It’s estimated that many drivers and passengers spend more than 10 hours each week traveling in automobiles, which are enclosed spaces having numerous touch points. This means increased opportunities for travelers to be exposed to bacteria and viruses. Typical touch points include door handles, seats, steering wheel, gear shift, touch-screen display, and instrument panel.
The potential risk may be even more concerning to the 43% of U.S. consumers who use ridesharing at least once per week. Due to the COVID-19 pandemic, hygienic vehicle interiors are becoming increasingly important to vehicle owners as well as ride-share and transit users. A recent survey by market-research firm IHS Markit found that 54% of consumers are interested in having their next personal vehicle equipped with an antimicrobial coating. Noting the need and demand, automakers are accelerating their plans to increase antimicrobial systems in vehicles.
Silver and copper are metals long known for their antimicrobial properties, and the pandemic will likely increase their use in transportation. In 2016, for instance, a new version of Poland’s Solaris Urbino 12 was introduced. The electric-powered bus features handrails made from copper to destroy germs on these important touch points.
Since today’s automobile interiors are mostly plastics and composites, plastics manufactured with antimicrobial and self-cleaning properties may be key to keeping occupants safe and healthy. Important touch-point components could be embedded with nanoparticles of such metals – silver, copper, zinc oxide or titanium oxide. In a recent discussion on how COVID-19 will impact vehicle design, Ford CEO Jim Hackett mentioned the development of nano-level structures, embedded in seat fabrics and other surfaces to rupture and kill bacteria and virus particles. These substances could also be embedded in seat-cover linings removable for cleaning.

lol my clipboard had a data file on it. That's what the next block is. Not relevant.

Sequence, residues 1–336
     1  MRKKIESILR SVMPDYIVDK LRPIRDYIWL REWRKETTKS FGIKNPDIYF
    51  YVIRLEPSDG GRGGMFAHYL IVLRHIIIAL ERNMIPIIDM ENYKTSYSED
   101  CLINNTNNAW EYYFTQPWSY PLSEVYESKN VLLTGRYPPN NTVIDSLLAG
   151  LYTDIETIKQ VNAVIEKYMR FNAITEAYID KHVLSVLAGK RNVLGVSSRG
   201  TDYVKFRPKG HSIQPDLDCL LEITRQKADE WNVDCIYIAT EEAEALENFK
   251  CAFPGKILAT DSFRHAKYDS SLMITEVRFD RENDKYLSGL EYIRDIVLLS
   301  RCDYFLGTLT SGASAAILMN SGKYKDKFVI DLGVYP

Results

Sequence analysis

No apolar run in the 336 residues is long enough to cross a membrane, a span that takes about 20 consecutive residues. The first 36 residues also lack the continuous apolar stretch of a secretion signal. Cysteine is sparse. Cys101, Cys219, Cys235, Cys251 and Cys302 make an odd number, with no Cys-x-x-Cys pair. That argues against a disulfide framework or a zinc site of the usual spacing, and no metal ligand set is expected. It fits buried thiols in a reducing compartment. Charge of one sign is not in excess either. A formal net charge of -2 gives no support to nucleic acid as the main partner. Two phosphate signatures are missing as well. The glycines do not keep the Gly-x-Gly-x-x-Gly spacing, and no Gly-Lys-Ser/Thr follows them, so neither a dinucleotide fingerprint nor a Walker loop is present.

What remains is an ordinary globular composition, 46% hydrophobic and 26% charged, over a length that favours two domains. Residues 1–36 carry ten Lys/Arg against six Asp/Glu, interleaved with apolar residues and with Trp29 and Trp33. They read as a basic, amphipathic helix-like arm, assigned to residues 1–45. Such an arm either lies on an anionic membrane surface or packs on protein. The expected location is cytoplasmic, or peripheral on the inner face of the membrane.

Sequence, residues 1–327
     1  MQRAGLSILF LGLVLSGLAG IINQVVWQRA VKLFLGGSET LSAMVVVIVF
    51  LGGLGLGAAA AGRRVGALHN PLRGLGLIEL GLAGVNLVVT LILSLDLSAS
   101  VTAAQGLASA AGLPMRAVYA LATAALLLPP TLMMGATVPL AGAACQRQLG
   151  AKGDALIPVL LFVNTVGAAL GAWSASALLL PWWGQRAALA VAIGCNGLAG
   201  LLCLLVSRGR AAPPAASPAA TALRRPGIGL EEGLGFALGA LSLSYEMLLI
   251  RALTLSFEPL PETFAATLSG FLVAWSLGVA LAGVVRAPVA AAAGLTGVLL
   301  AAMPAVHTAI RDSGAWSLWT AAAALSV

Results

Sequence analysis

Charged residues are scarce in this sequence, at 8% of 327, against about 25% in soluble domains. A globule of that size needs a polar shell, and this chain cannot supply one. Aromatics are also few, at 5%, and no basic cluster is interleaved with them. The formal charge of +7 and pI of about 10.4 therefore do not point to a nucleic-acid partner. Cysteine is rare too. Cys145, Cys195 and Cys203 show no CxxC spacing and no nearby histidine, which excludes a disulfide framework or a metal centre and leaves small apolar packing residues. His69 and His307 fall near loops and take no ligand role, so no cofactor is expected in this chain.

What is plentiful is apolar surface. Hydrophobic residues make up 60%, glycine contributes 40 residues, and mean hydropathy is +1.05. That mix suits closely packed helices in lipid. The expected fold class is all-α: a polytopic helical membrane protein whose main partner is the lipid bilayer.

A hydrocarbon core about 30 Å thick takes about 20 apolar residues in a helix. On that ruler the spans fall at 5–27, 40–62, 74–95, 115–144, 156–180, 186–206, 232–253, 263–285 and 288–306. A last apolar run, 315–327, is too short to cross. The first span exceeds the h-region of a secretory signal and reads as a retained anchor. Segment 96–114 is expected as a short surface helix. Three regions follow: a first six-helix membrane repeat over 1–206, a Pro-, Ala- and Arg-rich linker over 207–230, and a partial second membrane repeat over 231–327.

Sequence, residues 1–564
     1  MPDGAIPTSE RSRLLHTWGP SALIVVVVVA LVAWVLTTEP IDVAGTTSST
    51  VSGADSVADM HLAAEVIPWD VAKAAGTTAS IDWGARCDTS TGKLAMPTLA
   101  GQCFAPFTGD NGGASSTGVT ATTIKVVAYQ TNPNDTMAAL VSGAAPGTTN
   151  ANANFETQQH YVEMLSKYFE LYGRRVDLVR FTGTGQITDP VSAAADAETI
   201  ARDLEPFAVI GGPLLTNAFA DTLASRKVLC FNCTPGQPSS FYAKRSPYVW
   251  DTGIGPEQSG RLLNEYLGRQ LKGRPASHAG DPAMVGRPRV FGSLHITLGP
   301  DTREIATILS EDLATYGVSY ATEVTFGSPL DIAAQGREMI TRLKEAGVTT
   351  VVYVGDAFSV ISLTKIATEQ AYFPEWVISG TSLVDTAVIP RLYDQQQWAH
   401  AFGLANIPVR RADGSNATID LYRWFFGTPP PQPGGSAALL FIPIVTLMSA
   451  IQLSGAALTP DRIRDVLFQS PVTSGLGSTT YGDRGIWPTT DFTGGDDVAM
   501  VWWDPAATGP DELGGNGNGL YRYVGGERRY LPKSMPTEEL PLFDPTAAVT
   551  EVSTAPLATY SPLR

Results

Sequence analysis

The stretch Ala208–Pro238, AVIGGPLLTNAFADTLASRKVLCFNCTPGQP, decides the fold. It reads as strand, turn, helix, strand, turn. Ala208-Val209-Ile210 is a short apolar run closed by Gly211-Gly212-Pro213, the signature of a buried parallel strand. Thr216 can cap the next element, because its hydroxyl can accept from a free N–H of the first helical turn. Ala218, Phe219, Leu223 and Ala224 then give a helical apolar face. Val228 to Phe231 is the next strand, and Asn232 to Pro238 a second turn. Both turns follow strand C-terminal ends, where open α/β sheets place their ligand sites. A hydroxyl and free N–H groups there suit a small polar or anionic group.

Automakers will also work to reduce microbes on exterior car parts and surfaces. Suppliers are developing paints and coatings that are manufactured from natural antimicrobial polymers, while others have silver particles embedded in them.
Since many respiratory diseases are spread through circulating air, designers are also looking closely at vehicles’ climate-control systems. Tesla and Geely Motors are two companies that have announced air-filtration systems that use high-efficiency HEPA filters, whose dense, twisted fibers trap microbe-laden moisture and dust particles.
Ultraviolet-C light sterilization — already used in hospitals and some New York City subways — is being considered for cleaning vehicles’ circulating air as well as interior surfaces. Since the UV-C spectrum is dangerous to exposed human skin, UV-C lights could be embedded inside air-filtration systems to clean air while cars are in use. They could also be installed in dome fixtures or headliners to clean steering wheels, seats, and controls when the vehicle is unoccupied. Hyundai Motor Group is one automaker working to install these powerful antimicrobial lights in future car models.
While some germ-fighting technologies – such as removable seat covers – can be added to existing car designs, others may take some time to engineer into consumer-safe components that can withstand years of daily use. Since polymer-based materials have already demonstrated their resiliency, we can expect automotive designers to work hard at incorporating antimicrobial technologies into plastics-related car parts.